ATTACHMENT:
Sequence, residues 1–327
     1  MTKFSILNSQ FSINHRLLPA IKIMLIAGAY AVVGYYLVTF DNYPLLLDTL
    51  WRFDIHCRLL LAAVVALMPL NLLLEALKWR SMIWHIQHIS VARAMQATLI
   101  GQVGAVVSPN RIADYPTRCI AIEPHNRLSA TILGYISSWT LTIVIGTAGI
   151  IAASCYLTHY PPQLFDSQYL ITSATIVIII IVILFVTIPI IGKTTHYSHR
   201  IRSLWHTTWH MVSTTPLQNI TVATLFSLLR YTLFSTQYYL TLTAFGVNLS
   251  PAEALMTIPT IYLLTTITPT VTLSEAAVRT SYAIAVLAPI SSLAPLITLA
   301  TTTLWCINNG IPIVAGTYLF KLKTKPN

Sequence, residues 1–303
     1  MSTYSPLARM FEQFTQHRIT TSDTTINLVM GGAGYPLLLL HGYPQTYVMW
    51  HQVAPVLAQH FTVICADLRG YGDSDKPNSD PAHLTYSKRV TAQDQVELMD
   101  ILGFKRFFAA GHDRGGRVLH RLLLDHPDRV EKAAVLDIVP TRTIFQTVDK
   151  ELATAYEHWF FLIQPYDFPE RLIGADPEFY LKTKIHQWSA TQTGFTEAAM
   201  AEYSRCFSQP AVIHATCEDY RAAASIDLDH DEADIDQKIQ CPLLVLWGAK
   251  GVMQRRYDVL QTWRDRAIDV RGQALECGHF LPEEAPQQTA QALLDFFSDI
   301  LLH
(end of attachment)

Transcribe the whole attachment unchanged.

Sequence, residues 1–327
     1  MTKFSILNSQ FSINHRLLPA IKIMLIAGAY AVVGYYLVTF DNYPLLLDTL
    51  WRFDIHCRLL LAAVVALMPL NLLLEALKWR SMIWHIQHIS VARAMQATLI
   101  GQVGAVVSPN RIADYPTRCI AIEPHNRLSA TILGYISSWT LTIVIGTAGI
   151  IAASCYLTHY PPQLFDSQYL ITSATIVIII IVILFVTIPI IGKTTHYSHR
   201  IRSLWHTTWH MVSTTPLQNI TVATLFSLLR YTLFSTQYYL TLTAFGVNLS
   251  PAEALMTIPT IYLLTTITPT VTLSEAAVRT SYAIAVLAPI SSLAPLITLA
   301  TTTLWCINNG IPIVAGTYLF KLKTKPN

Sequence, residues 1–303
     1  MSTYSPLARM FEQFTQHRIT TSDTTINLVM GGAGYPLLLL HGYPQTYVMW
    51  HQVAPVLAQH FTVICADLRG YGDSDKPNSD PAHLTYSKRV TAQDQVELMD
   101  ILGFKRFFAA GHDRGGRVLH RLLLDHPDRV EKAAVLDIVP TRTIFQTVDK
   151  ELATAYEHWF FLIQPYDFPE RLIGADPEFY LKTKIHQWSA TQTGFTEAAM
   201  AEYSRCFSQP AVIHATCEDY RAAASIDLDH DEADIDQKIQ CPLLVLWGAK
   251  GVMQRRYDVL QTWRDRAIDV RGQALECGHF LPEEAPQQTA QALLDFFSDI
   301  LLH